Mother’s world converged into her right toe. It knocked against the hardness of the washing stone. The skin broke and a little fleshed peeped out. Mother felt the wound looked like a smile. Nowadays no one smiled at her. She sat on the rough chest of the washing machine and cried. Even otherwise tears have been pricking inside her eyelids for a long time. Mother cried for the wounds uncried for.
Mother knew that nine stitches could be avoided if the doctor put one and applied iodine. She would need a dose of antibiotics also.
Instead, she had to plunge into the never ending stream of housework. All she could allow the wound was a dressing with a rag which got soiled soon.
“Everybody in this house is careless.” Father roared and gave a sermon on the need to be cautious. Money did not blossom on mangotrees if she thought so. He withdrew into the security of the reading room. Mother’s feeble hope lay in her son’s weekend visit. He was doing MBBS.
The son came in the car loaded with friends, the car stereo in full volume. Mother limped into the sitting room from the kitchen.
“Look at my toe, son”
“Five glasses of coffee please” the son said “and something to eat also.”
Ignoring the throbbing wound and the aching, swollen glands in the groins, mother crept back.
The next day mother took a rikshaw and got down in front of the big hospital. She had high fever and her face was swollen. Getting down from the rikshaw, she stood, unable to put a step. The driver hesitated to hold her since she was still young and beautiful. Otherwise, he felt like carrying her up the steps. He stood there,ready to catch her if she fell. Then the wheelchair came. “get well soon mother”, the driver murmered in her ears.
The nurse in the OP removed the rag on her toe. The toe was having a green colour all over it.
Until five years back, mother was a lecturer in a women’s college. If the doctor thought she wouldn’t understand the word amputate, he was mistaken. Mother had acquired a big house in the city and enough vehicles for all of them. Then, father decided that she need not work any longer.
So the peaceful job in the College in the valley became a memory. She became an ordinary house wife and gradually, a house maid.
The wheel chair moved about. In the chart on her lap was marked high blood sugar, pressure, pus cells in the blood and damaged kidneys. On top of all the nurse put a cardiograph of uneven heart beat. Now the wheel chair rolled into the emergency ward. Suddenly, mother realized that the throbbing pain on her toe was gone.
“The pain is gone, Doctor. Now let me go home.” she said to the Doctor.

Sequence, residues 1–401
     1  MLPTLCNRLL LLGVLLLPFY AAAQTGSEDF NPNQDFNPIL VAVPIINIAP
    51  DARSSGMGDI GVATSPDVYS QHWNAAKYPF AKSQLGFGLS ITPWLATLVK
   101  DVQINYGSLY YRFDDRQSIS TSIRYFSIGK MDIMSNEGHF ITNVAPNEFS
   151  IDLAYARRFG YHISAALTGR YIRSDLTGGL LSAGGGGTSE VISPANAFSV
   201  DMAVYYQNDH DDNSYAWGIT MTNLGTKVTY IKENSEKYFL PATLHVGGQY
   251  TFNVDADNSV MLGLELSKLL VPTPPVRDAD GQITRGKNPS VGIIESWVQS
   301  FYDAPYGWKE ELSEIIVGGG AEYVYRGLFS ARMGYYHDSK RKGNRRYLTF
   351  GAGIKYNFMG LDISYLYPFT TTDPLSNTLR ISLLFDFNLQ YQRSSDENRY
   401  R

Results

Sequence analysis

“Please wait madam, let someone from your house come.” He took out medicine in a syringe and the nurse rolled up her sleeves. She heard someone murmur to the surgeon who had just arrived, “a case of gangrene, Doctor”.
Mother lay on the stretcher, waiting for relatives to sign the consent for operation. Her mind was numb, just like her toe. It was not easy to trace out Father who could be at any bar in the city. Then she heard the Doctor, scolding her son, “So this is the way you care for a minor wound of your mother? How will you treat your patients?By allowing a minor wound to end up in amputation?”
Mother opened her eyes. Her son snatched her chain away and walked off,giving her an accusing glare. He must have signed the papers. The nurse made her wear a loose gown. Then she combed and plaited her hair.Now she remembered how her hair was combed and braided by her own mother in childhood. Her mind filled with the soft touches of childhood. Her mother used to apply Cuticura powder on her face and kiss on the forehead. Then she would hang the schoolbag on her back and run towards thee rikshaw that took her to School.
As the nurse tucked up her sleeves for another injection, mother was thinking of the achievements she made as a student and lecturer. The stretcher rolled into the theatre. Perhaps this may be my last journey. Thank God, I have no one to say Goodbye. Mother thought of the clothes soaked in soap water in the bathroom. She had to switch off the stove without finishing her cooking. She hadn’t swept and mopped the marble floor. She had forgotten to switch off the exhaust fan in the kitchen.
Her son would be selling her chain with ‘thali’ to pay the Hospital bill. When she remembered thali, she felt she heard the music and fireworks of her marriage. While sinking deep into unconsciousness, she mumbled, “what will I sell to cut off the rest of my toes, Oh God?”